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In its first year, high school orchestra makes ‘magical’ music

New strings program thrives


Sophomore Charlotte Best had just finished playing a soothing melody on her double bass, and felt as mellow as the music sounded.

“It really calms me down. It’s almost like therapy,” Charlotte said during a recent rehearsal of the Rockford High School Orchestra. “I immerse myself in it, and I really enjoy being part of something bigger than I am.”

Conductor Erin DeYoung goes over an exercise with ninth-grader Ella Dykstra

Now in its first year at the high school and fourth year overall, the Rockford strings program has quickly grown bigger since it began at the middle school level. About 270 students are part of it, including nearly 40 in the high school ensemble.

After years of officials working to mount the program, it’s gotten off to an auspicious start. The high school orchestra scored all first-division ratings at the recent Michigan School Band & Orchestra Association’s district festival at Grandville High School.

“They just performed really beautifully,” said Director Erin DeYoung, noting her group of primarily ninth-graders was competing mostly against older students. “That was as magical as anything else. Having that time onstage, you can sense they are connecting with each other as musicians, and connecting with the music.”

Erin DeYoung has headed the Rockford strings program since it began four school years ago

A ‘Counter-Cultural’ Experience

DeYoung was brought in to launch the program in the 2014-15 school year, after voters approved a bond issue that among other things funded conversion of the former high school band room into an orchestra room. That provides the group with a home space, helping knit members together musically and socially.

“It feels like we have something, like the band does,” said Christian Hiler, a ninth-grade viola player, who has been in the program since sixth grade. “The marching band has like Macy’s (Thanksgiving Day Parade). We don’t have that, but we have a room,” he quipped.

Calling the orchestra experience “counter-cultural,” he added, “We’re all working together to produce a sound. In everyday life, we’re talking about us and what I want. I really like how we’re working together to create a piece of music.”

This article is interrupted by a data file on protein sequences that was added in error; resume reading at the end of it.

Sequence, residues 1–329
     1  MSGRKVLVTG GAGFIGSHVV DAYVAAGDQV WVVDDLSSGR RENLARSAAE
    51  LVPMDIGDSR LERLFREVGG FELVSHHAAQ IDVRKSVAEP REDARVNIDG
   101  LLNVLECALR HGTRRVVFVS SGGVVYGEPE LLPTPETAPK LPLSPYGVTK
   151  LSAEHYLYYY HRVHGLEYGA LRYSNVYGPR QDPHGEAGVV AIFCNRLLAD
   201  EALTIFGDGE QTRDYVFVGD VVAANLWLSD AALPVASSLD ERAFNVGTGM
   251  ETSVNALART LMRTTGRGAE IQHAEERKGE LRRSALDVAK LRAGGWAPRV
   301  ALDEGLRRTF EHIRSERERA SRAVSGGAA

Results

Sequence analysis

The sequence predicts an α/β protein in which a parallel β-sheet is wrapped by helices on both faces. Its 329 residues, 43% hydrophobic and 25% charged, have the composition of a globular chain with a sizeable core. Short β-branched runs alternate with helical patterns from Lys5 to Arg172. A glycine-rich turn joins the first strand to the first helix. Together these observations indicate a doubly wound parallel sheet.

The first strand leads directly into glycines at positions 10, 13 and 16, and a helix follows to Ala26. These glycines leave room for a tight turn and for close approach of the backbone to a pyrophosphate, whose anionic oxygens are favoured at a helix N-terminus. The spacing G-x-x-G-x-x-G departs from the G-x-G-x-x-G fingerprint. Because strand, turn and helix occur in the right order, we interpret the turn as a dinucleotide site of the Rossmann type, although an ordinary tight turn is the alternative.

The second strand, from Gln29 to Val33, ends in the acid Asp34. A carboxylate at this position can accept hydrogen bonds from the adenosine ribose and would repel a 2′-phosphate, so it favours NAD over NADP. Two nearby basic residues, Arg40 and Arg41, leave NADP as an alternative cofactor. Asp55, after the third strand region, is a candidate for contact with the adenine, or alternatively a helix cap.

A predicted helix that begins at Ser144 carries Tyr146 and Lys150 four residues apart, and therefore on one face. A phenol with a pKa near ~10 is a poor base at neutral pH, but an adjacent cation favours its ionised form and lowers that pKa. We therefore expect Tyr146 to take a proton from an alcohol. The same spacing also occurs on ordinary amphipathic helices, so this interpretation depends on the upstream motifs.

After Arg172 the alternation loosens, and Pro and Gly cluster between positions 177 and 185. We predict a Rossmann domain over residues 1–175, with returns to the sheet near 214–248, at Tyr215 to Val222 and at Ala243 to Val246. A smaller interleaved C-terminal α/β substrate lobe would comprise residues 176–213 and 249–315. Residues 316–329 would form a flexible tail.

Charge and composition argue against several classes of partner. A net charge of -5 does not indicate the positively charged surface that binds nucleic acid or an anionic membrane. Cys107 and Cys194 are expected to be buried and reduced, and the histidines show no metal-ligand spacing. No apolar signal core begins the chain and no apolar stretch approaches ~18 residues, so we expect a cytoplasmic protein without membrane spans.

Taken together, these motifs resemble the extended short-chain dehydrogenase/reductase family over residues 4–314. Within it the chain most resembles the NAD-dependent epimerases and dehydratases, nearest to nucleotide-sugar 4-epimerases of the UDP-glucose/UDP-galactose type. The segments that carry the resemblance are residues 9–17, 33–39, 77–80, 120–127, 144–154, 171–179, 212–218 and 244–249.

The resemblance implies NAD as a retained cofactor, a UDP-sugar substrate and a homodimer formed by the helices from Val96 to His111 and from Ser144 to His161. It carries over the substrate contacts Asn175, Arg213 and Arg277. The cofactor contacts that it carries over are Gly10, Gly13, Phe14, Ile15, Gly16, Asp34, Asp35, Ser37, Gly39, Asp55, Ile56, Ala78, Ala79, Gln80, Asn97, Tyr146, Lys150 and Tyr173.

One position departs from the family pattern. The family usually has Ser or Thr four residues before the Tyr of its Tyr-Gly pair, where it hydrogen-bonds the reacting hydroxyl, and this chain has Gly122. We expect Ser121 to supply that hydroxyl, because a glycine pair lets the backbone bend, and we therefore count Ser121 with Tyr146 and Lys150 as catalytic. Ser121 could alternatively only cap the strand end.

Violinist Paris Thompson agreed. “I like how it all collaborates together,” the ninth-grader said. “They’re all different sounds, and they all come together to make a great sound.”

Violists Rosie Van Luven, right, and Ashlyn Minter rehearse in the renovated orchestra room

At the district festival, their sound ranged from the gentle strains of William Hofeldt’s “Lullaby” to the sharp, percussive energy of Kirt Mosier’s “Red Rhythmico.”

First violinist Kelsey De Young said she thoroughly enjoys such material, along with her beloved Bach and Mozart. The sophomore has been with the strings program from the beginning, and recently played for a wedding in a quartet with fellow orchestra members.

“You can express every emotion with it,” Kelsey said of making music. “It doesn’t betray you. It’s not like a person. It’s always there.”

The entire Rockford strings program will perform a concert May 1 at the Calvin College Fine Arts Center.

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‘Long overdue’ strings program comes to Rockford, at last

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Charles Honey
Charles Honey
Charles Honey is editor-in-chief of SNN, and covers Rockford and Grand Rapids. As a reporter for The Grand Rapids Press/mLive from 1985 to 2009, his beats included Grand Rapids Public Schools, local colleges and education issues. Honey served as editor of The Press’ award-winning Religion section for 15 years and its columnist for 20. His freelance articles have appeared in Christianity Today, Religion News Service and Faith & Leadership magazine. Read Charles' full bio or email Charles.

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